Both museums and collectors will benefit from the relationship. In 2002, for example, Chinese collector Wang Shixiang (2*) was praised for donating 80 pieces of Ming and Qing furniture to the Shanghai Museum for exhibition. Private collectors cooperating with financially suffering public museums have the potential to highlight the value of their treasures while also allowing more people to see and accept these works of art.


Furthermore, given to their financial stability, many private collectors have significant purchasing power. They are the ones who have a say in how the market is priced. Rather than donating to a public facility, many collectors band together to organise a joint fund for a private museum, despite the fact that donations can provide tax benefits. According to statistics, approximately 3500 private museums were founded worldwide between 2006 and 2016, compared to only 25 in the 1990s. Patrizia Sandretto Re Rebaudengo began collecting in 1992 and now has over 1000 collectibles in her collection. In the hopes of presenting her collection, she built a private museum in Turin. She feels that private collectors can perform far better than state institutions in terms of art development and public education.


Not only economically, but also in terms of the number of private museums, China may be one of the fastest developing countries. The businessmen following Chen Lihua's (3*) leadership were a group of people who participated in such operations after they were successful. For example, Chen donated 200 million yuan to establish the China Red Sandalwood Museum; husband and wife Liu Yiqian and Wang Wei founded the Long Museum in two different regions in 2012 and 2014, respectively, after purchasing the "Chenghua Chicken Cup" for 2.8124 million Hong Kong dollars; Xu Qiming, founder of China Xulong Food Group, began investing in artworks in 1994 and collected over 200 Chinese palace antiques in 2013; Zhou Hetong, Chairman of HKDTC, founded Zhouyuan Park, China's largest private museum; prominent collector Ma Weidu began collecting Chinese antiques in the 1980s, and by the 1990s, he had amassed over a thousand pieces of ceramics, pottery, furniture, jades, and other items, and had established his first private museum, Guanfu Museum, in 1996; Wang Jianlin, Chairman of the Wangda Group, who bought Picasso's "Claude et Paloma" for 172 million yuan in 2013, also possesses a large art collection, including hundreds of pieces by Fu Baoshi and Qi Baishi, and is currently planning a private museum in Beijing.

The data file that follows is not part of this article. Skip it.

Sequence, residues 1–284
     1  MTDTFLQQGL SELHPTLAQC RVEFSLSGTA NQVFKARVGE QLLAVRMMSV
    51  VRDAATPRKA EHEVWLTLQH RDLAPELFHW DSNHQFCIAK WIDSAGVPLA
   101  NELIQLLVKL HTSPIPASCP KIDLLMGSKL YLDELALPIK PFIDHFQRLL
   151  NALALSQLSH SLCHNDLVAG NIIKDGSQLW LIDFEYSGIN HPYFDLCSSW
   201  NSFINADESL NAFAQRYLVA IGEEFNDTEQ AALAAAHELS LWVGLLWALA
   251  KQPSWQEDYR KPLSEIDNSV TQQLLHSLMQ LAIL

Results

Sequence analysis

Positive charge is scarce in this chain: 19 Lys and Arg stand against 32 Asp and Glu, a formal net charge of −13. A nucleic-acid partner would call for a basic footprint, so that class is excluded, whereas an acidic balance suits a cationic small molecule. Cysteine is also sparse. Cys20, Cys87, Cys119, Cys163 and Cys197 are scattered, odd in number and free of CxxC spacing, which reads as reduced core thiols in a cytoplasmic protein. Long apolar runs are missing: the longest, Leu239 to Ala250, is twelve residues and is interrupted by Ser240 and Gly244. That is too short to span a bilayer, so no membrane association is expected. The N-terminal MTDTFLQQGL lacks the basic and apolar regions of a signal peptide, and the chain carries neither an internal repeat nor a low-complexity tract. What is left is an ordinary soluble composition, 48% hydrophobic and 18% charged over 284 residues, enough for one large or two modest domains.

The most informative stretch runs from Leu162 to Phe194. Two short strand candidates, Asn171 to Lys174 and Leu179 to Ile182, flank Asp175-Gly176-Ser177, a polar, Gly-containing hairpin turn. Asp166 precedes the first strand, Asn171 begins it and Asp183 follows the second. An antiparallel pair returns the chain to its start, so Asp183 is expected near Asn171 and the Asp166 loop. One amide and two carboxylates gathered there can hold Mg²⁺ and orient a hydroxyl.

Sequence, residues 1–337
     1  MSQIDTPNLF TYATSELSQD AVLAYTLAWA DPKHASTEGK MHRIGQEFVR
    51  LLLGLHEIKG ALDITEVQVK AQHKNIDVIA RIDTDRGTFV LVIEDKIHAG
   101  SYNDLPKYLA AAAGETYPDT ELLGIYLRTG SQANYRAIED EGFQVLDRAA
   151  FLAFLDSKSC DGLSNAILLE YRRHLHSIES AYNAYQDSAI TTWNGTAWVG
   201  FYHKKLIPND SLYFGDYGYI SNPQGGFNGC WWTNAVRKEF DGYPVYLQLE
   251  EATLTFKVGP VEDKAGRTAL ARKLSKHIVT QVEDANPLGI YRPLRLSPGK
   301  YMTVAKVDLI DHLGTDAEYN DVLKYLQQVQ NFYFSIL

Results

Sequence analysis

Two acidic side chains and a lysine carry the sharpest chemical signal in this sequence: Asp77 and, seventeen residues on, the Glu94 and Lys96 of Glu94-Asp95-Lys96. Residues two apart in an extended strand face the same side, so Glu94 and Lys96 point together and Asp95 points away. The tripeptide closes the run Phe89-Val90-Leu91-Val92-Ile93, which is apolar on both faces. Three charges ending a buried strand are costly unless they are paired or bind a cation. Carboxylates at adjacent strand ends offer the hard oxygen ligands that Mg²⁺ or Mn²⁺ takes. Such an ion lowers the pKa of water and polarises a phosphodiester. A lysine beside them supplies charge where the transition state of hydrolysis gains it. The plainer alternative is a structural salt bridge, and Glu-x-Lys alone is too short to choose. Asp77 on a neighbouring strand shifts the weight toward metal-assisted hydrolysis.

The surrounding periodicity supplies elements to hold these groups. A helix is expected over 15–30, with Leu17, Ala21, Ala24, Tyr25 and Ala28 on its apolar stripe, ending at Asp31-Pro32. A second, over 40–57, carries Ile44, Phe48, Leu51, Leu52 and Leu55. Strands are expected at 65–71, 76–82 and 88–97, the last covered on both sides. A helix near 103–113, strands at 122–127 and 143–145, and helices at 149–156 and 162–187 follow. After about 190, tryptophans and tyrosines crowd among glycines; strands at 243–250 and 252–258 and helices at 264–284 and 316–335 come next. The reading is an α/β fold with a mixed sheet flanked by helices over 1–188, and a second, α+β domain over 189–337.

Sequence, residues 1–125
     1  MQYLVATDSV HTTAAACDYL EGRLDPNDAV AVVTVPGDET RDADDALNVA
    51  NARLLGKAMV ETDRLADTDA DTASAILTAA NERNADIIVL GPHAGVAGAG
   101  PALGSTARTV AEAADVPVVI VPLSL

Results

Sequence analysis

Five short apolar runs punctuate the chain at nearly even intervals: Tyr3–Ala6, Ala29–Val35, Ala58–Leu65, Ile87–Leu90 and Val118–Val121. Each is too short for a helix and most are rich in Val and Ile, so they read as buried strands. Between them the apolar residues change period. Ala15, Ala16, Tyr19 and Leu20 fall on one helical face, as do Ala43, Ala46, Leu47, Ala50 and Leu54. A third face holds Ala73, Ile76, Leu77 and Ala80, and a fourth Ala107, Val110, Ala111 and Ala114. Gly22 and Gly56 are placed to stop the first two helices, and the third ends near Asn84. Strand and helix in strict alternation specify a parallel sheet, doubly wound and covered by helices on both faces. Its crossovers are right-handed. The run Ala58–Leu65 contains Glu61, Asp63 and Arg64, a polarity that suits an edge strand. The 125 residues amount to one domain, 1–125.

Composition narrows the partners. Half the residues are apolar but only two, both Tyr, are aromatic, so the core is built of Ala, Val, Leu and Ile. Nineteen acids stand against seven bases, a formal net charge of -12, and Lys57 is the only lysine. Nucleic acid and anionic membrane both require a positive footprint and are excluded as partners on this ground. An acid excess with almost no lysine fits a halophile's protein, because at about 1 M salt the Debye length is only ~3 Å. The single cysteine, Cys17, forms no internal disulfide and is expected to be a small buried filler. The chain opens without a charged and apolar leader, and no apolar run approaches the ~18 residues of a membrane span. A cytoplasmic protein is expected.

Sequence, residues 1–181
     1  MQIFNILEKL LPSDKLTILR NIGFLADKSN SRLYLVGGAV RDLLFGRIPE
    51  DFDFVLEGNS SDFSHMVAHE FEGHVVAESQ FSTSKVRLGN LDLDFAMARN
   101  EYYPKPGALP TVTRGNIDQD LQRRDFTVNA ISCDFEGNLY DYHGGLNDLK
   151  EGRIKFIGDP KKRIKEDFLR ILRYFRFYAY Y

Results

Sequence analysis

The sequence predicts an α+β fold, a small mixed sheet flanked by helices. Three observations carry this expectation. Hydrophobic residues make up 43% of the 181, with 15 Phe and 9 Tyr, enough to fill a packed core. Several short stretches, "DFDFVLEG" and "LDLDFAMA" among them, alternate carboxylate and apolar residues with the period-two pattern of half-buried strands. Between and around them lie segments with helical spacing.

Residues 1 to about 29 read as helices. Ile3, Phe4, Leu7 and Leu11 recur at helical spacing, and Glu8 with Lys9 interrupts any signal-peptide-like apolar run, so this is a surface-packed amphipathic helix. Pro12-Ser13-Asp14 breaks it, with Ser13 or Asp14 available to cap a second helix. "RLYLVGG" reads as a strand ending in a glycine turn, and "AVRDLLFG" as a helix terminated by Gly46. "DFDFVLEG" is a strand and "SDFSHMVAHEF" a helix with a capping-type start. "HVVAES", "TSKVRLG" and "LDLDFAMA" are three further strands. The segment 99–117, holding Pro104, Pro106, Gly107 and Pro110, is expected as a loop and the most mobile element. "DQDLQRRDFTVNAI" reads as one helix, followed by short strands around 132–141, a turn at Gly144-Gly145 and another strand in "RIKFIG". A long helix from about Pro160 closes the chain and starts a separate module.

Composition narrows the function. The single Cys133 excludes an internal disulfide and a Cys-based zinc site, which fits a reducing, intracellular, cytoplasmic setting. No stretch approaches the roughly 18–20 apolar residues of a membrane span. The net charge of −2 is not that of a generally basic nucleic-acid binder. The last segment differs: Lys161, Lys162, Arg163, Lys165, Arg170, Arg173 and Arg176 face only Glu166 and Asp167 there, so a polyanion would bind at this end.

The extensions of collecting, which have become the new sign of the affluent, are knowledge and sophistication. When money loses its worth, knowledge is the only thing that can be passed down. Contemporary art has become the "it" item for investment due to the growing number and impact of private museums. Reports in the media about well-known artists and the rising value of artworks have also aided in attracting a large number of potential collectors. Superior artworks have a consistent price growth, gaining the collector a reputable reputation as well as additional benefits; this is especially true when modern artworks are viewed as a way to avoid asset degradation.